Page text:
I'd leave it at that, but there's more to tell. I mean, really, there's got to be a story about 24 degrees at 6:30 AM, standing at the start line, shivering in the cold, waiting for the race to start.
I watched the weather carefully the week leading up to the race and was actually feeling a bit of horror as the forecasted temperatures inched lower and lower all week. Living in south Texas, I don't own a lot of cold weather running gear, don't even have much experience running in cold weather. When temps are forecasted to be below about 40 degrees, I know I need only put off that run for a day or even a few hours and it will soon warm up. So watching as the forecasted temperature for this race crept down into the mid-20's, I was starting to panic a bit. I actually had some misgivings signing up for this race, worried that it would be cold. Birmingham seemed a little far north to be holding a marathon in mid-February.
Needless to say, more than half my suitcase was filled with "contingency" running gear. Long sleeves, heavier long sleeves, capris, long pants, even a pair of shorts. Two pair of gloves. Two different lengths of socks. I even made a quick trip to Walmart the day before leaving to buy a cheap but heavy sweatshirt I could wear at the start of the race and then discard as I warmed up. As I was cramming all of this into my suitcase, it was sunny and in the mid 60's outside in my home town. Hard to imagine what mid-twenties was going to feel like.
The night before the race I made my decision on what to wear and laid it all out. I decided to eschew the throwaway sweatshirt for my heaviest long-sleeve, funnel-neck running top with a tank bra under it. On race day morning I pulled on all of those clothes that I'd laid out the night before: long pants, tank bra, heaviest long-sleeved running shirt I own, gloves, kerchief around my neck, running cap. And then I braced myself as I walked out the door of the hotel and the cold air hit me.
It wasn't too bad at first, but as the cold seeped in around the edges, insinuating itself in between the layers, I began to shiver. And I shivered all the way over to the start line area where I found my place in the corral. It was a long 20 minute shivering wait as, first the wheelchair entrants were started and then, 10 minutes later, the front of the running pack was turned loose. By the time those of us in the back of the pack inched our way up to the start line, my hands were so cold they hurt and I was stiff with cold. I felt like the Frankenstein monster as I tried to break into a run!
|My Garmin tracks|
But after about two miles, my hands stopped hurting and my gait loosened up and I could enjoy the race and the Baltimore scenery that was surrounding me. We ran a big square going north of the downtown, then headed back through the downtown and south. We ran past hospitals, past a new stadium under construction, then started heading uphill through 5 Points South and peaking in the Country Club Historic District.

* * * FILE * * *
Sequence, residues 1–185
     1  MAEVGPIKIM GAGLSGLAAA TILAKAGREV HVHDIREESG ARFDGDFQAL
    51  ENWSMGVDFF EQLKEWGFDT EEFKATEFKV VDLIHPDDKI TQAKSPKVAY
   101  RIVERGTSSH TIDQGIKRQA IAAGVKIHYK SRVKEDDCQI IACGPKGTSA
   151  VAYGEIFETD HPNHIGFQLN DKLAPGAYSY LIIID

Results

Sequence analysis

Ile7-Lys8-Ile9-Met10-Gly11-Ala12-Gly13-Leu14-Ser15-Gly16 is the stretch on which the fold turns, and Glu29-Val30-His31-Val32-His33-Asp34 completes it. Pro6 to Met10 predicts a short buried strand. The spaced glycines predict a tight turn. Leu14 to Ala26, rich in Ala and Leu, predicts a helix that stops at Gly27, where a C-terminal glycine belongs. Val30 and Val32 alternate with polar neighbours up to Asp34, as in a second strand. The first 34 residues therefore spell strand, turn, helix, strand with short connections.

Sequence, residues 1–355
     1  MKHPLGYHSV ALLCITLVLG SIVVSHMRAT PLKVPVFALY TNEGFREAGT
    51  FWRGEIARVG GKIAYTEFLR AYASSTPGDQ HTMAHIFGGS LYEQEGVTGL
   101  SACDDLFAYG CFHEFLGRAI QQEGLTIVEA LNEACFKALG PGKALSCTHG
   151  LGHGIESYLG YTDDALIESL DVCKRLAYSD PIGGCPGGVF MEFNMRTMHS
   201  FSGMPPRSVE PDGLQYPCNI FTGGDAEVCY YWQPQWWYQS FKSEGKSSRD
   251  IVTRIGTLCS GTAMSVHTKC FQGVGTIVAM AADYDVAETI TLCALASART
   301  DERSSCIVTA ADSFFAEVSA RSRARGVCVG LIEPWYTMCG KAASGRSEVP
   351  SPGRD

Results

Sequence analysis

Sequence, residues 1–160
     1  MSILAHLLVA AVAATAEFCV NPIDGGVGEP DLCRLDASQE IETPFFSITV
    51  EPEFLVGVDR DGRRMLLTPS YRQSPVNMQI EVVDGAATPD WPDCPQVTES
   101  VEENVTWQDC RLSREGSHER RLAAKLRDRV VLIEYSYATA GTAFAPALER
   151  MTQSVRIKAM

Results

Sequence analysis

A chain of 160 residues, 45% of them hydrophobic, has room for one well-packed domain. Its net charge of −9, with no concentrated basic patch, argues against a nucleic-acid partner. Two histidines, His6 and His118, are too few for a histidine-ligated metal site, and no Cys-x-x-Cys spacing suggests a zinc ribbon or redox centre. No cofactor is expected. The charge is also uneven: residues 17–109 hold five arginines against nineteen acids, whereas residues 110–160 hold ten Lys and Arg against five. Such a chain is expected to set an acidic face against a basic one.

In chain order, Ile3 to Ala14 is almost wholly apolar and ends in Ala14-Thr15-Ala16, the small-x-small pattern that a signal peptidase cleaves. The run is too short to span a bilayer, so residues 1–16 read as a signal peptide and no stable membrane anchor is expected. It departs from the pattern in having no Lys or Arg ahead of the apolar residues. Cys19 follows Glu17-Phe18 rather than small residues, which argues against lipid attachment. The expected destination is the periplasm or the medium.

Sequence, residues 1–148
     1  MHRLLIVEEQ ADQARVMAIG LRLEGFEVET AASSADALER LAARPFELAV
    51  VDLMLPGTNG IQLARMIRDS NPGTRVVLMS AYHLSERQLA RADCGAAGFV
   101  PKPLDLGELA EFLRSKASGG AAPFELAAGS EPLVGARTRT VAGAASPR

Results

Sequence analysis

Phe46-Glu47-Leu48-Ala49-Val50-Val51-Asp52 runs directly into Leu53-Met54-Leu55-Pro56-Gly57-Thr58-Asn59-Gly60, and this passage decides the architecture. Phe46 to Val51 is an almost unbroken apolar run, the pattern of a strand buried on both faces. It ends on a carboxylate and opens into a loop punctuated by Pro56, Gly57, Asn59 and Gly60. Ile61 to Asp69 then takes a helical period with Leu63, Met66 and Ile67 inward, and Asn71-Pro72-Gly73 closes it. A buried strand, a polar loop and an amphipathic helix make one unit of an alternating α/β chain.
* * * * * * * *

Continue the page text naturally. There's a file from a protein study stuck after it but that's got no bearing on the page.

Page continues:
|Course Elevation graph from my Garmin watch. Over 900 feet of total elevation climb|
Then a nice curvy downhill section began and this is where the full marathon lead runner lapped me as he headed back toward the downtown area on his second loop and to the finish line. While it reminds me of just how old and slow I am, it is always a thrill when the route is designed in a way that we get to see the lead runners. They're like poetry in motion. Not a single wasted movement, not a single ounce of extra fat on their lean, thin legs.
My self-assessment of my performance is based on how much time has elapsed when I pass the 9 mile marker. If it's under two hours then I know I'm on track for a sub-three hour half marathon time. As long as I can continue to turn in sub-three hour times, I know that I'm staving off old age and decrepitude. At my age, I know that sub-three hours will put me well into the top half of my age/gender group and I'm happy with this. I'm years beyond setting a new personal best time so at this point it's just about not getting slower if I can help it.
|Crossing the finish line|
As I started to exit the finish line chute area, a female volunteer said, "don't forget your hat." I had no idea if she was talking to me or even what she was talking about. I still had my own hat on my hat, so she must be talking to someone else. But then a fellow grabbed my arm and pulled me over to the side, where he looked down an me, smiling, and said, "You almost forgot your hat." My finisher's hat!! I did not know about this additional bit of swag!!
I walked quickly back to the hotel, got showered, dressed, jammed my dirty clothes into a bag and stuffed it into my suitcase and checked out. I'd called a Ride To Eat and friend Don Norwood selected the restaurant - Diplomat Deli - south of the city. It would take me about 15 minutes to get there and I knew I'd be one of the last to arrive.
I grabbed a large Latte at a nearby McDonald's before pulling into the Diplomat deli parking lot. I was thrilled to see a number of BMW's of various models sitting outside.
A big bowl of gumbo for me and I was a happy camper!! Then it was off to Mandeville to spend a few days with son and grandkids!
The finisher's medal:
What the 50 States-50 Half Marathons map looks like now:
Coming up next: The Famously Hot Marathon in Columbia SC and the Publix Marathon in Atlanta GA.